We are sitting in the Tropical Bar of Royal Clipper watching an angry Mount Etna hurl sparks and smoke into the night sky.
The day before, a shore excursion took us to Pompeii, scene of perhaps the most infamous volcanic eruption.
But that was AD79. This is 2014. Surely, the same thing couldn’t happen again?
If it did, the rather extraordinary Royal Clipper would not be the ideal ship to be aboard. She isn’t built for fast getaways. The world’s largest five-masted square-rigger is great with a tidy 25-knot breeze, but not so good on a balmy Mediterranean night when the wind is barely a whisper.
But tonight is not the night for Pompeii II. The crew and young passengers are preparing a talent show. Wouldn’t want to interrupt that. Royal Clipper is big sister to a fleet of three clipper ships. They are the creation of Swedish lawyer Mikael Krafft, and a testament to how utter folly can be turned into a triumph.
In a world where bumper cars and skating rinks are all the rage on cruise ships, Royal Clipper appears an extraordinary relic of history. Except she isn’t.
Based on a legendary square-rigger built in 1902, she was launched in 2000. So she comes with a heap of modern comforts – three swimming pools, a three-deck atrium that funnels sunlight into a three-level dining room, a marina platform for watersports, and a spa and health club complete with underwater glass portholes.
But don’t let any of this frippery fool you. She is the real deal: A 134-metre sailing ship carrying 5,202 square metres of canvas (Dacron Type 52 high modulus fibre nowadays), 227 guests and a crew of 109. Captain Jack Sparrow would be very jealous.
Royal Clipper can power up to 18 knots under full sail. Her masts are made from tapering steel tubes that conceal the exhausts from twin Caterpillar propulsion units. The rigging is hydraulic and remote controlled. Royal Clipper is really a modern marvel.
But like all great ships, she is idiosyncratic. No one is quite sure who ordered Vangelis’s Conquest of Paradise to be played every time the 42 sails are unfurled. The ritual lends an eerie piratical feel to the night as we leave Rome’s port of Civitavecchia to sail majestically down the Mediterranean coast to the Italian island of Ponza.
It’s a clarion call for the 130 guests – including a family of 12, 30 fans of an American pianist and four Australians – to come up to the main deck, champagne in hand, to celebrate.
Captain Sergey Utitsyn, a burly, dimpled Estonian, has been with the fleet since the flagship was launched in 2000. He has spent the last 14 years sailing the Med in the northern summer and the Caribbean in the winter, taking Royal Clipper (literally) across the globe each year.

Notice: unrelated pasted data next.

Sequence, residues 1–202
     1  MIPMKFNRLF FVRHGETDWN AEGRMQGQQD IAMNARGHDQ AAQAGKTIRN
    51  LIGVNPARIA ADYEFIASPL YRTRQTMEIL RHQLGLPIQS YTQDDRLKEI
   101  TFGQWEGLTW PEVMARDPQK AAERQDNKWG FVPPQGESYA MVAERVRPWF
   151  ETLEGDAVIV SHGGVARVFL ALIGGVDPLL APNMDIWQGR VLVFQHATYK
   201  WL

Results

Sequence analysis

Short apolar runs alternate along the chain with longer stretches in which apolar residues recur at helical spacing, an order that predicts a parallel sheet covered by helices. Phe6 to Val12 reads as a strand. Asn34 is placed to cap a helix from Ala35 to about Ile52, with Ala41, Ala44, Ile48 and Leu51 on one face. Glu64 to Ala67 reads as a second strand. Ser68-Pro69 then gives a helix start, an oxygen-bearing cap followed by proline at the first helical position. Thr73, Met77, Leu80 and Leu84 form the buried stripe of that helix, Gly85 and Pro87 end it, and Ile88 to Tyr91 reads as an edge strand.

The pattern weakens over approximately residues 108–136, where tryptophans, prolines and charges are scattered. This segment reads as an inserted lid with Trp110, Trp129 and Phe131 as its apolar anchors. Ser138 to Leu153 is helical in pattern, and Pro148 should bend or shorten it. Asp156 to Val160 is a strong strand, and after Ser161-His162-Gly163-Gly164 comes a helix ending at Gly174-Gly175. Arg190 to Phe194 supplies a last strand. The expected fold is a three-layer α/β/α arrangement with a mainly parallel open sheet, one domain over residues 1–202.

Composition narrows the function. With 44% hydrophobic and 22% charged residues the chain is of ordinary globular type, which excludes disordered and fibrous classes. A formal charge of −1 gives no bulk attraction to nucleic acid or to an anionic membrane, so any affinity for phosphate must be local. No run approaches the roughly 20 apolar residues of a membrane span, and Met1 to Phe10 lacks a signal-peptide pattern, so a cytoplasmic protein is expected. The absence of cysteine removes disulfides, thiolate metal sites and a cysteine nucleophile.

He started his career on large Russian sailing ships at the age of 18, and is fanatical about the power of the wind. He has no time for the “pretenders” – competitors he won’t name. “They are not real sailing ships – they have sails just for decoration. They don’t even have a keel!”
You won’t meet a more passionate ambassador for Royal Clipper.
“We run at 60 per cent repeats and we are getting many new passengers from larger lines like P&O and Cunard, because of our unique experience. They come to us and say ‘wow’!”
It’s not hard to understand why. “Wow” is a word that’s often used around this ship. Royal Clipper is in the Guinness World Records as the largest fully rigged tall ship. Our seven-day voyage is a magnificent mix of theatre, history and geography – a vivid reminder of why the Mediterranean is Australia’s number one foreign cruise destination. “There are usually Australians on board when we sail – sometimes five, sometimes 10 or 15,” Captain Utitsyn says.
Our first port of call is Ponza, a postcard-perfect coastal town with pastel terraces, cobbled streets and a church at the top of the hill. Locals are preparing for a festival, so the main street is decked out with fairy lights and a village band is practising in the square.
We hire a pink scooter and wobble precariously into the mountains. At a tiny village, we are reminded of what makes Italy so special.
As we’re too late for lunch, Maurizio, owner of the local pizza cafe, suggests a neighbouring restaurant overlooking the Bay of Natural Pools.
“I will call him and ask him to take care of you,’’ he says. And that’s exactly what he does. His business rival serves us a huge Italian salad of octopus and fish.
Where else would a restaurateur be so concerned about two hungry tourists that he would pass us on to the competition?
Back on the Royal Clipper in time for dinner, we settle into the wood-panelled dining room. The galley is led by Jamaican Devon Hodges and it’s roast suckling pig, cheese and crepes tonight.
Shortly after dawn we arrive at the port of Sorrento, set on the Bay of Naples. Sorrento’s beauty is legendary. Greeks sailed down the Amalfi Coast simply to marvel at the mountainous coastline.